Use this URL to cite or link to this record in EThOS: https://ethos.bl.uk/OrderDetails.do?uin=uk.bl.ethos.314107
Title: Transparent neural network data modelling
Author: Roadknight, C. M.
ISNI:       0000 0001 3520 5143
Awarding Body: Nottingham Trent University
Current Institution: Nottingham Trent University
Date of Award: 2000
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Abstract:
The research set out in this thesis was carried out with the aim of making the adoption of Neural Networks for real world problem solving more likely. It attempts to guide the reader in methods of application and provide novel tools for successful adoption. The testing ground for this thesis is a biological problem, but the findings of the research are applicable to any real world problem where the number and complexity of causative agents make deciding their actions complex. The use of ANNs as predictors of natural phenomena is an important application but equally important is any resulting explanation of the heuristics a network uses to achieve this prediction. The novel methods of equation synthesis and correlated activation pruning (CAPing) are introduced and used to extract meaning from a trained ANN. Equation synthesis involves the incremental increase in the number of connections of the trained ANN used until satisfactory prediction is achieved. CAPing involves the identification of nodes that have similar effects on the desired output. Comparison of the inputs to these nodes can lead to useful dependancy relationships. Several useful generalisations have been made in this project by using these methods. Generalisations have been made using ANNs, equation synthesis and CAPing. For example, the temporal dynamics of an ozone exposure are evidenced as being more important than the quantity of the ozone exposure and light levels are shown to be the most important modifying factor in the injury process. When the concentration of ground level ozone reaches significant levels, severe and economically important damage can occur to agricultural crop plants. Environmental modifying factors affect the expression of this injury. The use of artificial neural networks (ANNs) as tools for ozone damage prediction is investigated in this project and novel approaches to extracting meaning from these networks are examined. Two sets of biological results have been investigated which have allowed injury development in semi-natural and natural environments to be modelled with satisfactory predictive success. In the first instance, it was possible, given seven days of data for ozone and climatic conditions, to predict if further injury will develop on the leaves during these 7 days and, with less accuracy, the amount of leaf area effected. For the second model, a neural network can predict accurately if leaf injury will be expressed on the following day when given detailed data for the levels of ozone and light on the 5 preceding days. ANNs have been further used to create a set of rules by which the onset of injury can be discriminated, the performance of these rules is only slightly inferior to the ANNs and their explicit nature makes them valuable. Biological experimentation has been carried out to confirm any generalisations and add to the clarification process. This final step in the research sequence completes a cycle that ends with more data being generated that can be used for further network training. The effect of Ozone, and its modifying factors, on yield is modelled using ANNs. The structures of these yield predicting models are explained. The importance of the nature of the ozone episode and modifying factors is analysed The methods discussed in this thesis could be applied to any suitably complex and multivariate data set. A degree of transparency, not generally expected from neural network approaches, would be apparent. Therefore the theories would be suitable for both neural network practitioners looking to add more transparency to their modelling and for the traditional data modeller looking for alternative techniques for their complex data set but fearful of ANNs traditional 'black box' downfall.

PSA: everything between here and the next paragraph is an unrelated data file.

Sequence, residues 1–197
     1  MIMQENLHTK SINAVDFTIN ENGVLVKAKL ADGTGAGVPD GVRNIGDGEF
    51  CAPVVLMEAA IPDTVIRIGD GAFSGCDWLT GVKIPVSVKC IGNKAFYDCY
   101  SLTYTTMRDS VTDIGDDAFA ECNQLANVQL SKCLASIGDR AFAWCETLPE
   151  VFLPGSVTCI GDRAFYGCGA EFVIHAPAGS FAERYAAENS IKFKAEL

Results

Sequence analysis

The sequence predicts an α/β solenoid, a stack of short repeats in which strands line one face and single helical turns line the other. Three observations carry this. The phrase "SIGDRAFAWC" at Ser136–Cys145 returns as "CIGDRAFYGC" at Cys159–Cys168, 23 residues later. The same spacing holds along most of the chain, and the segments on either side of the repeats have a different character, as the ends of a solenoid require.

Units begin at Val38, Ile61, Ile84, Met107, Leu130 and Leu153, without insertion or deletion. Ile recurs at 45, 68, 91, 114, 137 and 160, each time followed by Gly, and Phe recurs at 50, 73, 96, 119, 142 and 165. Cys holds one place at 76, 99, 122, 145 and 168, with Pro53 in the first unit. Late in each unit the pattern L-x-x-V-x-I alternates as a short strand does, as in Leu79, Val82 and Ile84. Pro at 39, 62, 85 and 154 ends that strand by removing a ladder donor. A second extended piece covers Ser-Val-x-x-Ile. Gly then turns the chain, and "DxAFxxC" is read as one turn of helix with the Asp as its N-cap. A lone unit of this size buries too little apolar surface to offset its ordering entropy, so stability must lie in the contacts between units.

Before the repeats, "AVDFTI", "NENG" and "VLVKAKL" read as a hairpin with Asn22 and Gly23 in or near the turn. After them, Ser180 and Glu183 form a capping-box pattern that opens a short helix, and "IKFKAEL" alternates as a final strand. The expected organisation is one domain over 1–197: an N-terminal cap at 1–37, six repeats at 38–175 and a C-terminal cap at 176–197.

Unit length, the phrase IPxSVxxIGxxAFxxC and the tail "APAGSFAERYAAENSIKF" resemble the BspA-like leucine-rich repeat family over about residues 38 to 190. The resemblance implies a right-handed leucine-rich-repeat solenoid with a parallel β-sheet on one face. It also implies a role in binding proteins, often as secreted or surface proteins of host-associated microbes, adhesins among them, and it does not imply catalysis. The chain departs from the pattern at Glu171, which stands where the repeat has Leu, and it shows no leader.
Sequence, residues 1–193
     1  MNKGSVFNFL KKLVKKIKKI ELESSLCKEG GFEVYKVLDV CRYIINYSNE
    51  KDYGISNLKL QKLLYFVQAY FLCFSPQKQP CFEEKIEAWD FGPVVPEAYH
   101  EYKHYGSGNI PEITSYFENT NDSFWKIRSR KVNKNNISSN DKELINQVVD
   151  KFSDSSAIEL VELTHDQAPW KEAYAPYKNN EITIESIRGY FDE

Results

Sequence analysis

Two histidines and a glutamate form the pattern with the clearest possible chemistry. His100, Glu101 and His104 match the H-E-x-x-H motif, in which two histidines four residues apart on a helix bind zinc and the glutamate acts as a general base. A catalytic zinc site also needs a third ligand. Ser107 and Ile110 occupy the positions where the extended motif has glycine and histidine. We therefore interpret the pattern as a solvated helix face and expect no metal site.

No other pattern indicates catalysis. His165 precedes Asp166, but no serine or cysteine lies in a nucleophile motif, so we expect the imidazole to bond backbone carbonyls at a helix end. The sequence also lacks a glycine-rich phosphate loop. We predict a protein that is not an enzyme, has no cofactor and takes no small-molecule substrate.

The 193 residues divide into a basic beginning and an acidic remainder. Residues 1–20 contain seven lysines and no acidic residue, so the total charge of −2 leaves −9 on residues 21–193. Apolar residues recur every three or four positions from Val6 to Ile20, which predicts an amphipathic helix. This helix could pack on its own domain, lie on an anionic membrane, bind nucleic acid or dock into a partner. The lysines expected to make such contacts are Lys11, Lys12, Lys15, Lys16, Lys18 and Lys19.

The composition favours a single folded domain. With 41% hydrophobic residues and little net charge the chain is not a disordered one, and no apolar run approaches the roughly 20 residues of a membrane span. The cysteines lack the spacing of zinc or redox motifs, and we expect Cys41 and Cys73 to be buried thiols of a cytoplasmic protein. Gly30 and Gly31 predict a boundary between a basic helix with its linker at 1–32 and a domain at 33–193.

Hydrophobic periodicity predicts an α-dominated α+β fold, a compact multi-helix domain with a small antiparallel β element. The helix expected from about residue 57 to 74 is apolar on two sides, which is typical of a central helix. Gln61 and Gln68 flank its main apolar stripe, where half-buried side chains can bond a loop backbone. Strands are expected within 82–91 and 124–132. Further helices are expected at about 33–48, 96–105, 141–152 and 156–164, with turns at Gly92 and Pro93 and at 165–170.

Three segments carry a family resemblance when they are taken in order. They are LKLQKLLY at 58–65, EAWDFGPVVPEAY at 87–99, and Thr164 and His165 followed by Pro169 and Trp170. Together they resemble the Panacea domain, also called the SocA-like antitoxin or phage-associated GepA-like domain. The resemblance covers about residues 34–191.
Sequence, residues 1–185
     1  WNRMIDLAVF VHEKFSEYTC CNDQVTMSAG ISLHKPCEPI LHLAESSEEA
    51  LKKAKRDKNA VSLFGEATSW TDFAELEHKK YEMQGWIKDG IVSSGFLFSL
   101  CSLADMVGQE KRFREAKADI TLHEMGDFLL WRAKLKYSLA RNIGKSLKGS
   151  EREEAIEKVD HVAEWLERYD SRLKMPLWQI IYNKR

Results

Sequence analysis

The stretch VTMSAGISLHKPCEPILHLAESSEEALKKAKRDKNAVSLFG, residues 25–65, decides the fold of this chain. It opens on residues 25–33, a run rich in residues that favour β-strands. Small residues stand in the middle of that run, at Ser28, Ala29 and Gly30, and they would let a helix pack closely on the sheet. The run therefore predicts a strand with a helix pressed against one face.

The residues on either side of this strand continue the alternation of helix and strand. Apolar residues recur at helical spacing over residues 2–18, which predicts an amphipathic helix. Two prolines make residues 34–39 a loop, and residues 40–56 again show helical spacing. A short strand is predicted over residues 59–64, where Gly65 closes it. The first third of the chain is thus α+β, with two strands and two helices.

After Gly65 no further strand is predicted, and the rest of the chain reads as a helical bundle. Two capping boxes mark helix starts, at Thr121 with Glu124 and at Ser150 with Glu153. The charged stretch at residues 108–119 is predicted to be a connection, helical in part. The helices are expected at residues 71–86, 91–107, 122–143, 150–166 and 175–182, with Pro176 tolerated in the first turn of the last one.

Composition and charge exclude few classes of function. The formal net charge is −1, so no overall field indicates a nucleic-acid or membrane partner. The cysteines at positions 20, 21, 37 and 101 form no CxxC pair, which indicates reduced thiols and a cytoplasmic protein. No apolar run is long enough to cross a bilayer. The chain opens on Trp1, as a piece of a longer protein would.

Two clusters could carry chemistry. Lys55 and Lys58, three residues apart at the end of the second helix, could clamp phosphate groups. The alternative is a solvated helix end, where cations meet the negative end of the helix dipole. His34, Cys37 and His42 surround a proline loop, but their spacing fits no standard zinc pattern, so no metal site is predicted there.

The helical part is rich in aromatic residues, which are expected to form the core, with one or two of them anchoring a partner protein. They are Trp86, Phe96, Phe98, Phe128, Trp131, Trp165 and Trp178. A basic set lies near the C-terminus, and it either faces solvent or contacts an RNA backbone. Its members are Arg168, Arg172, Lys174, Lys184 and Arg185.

Supervisor: Not available Sponsor: Not available
Qualification Name: Thesis (Ph.D.) Qualification Level: Doctoral
EThOS ID: uk.bl.ethos.314107  DOI: Not available
Keywords: Ozone exposure
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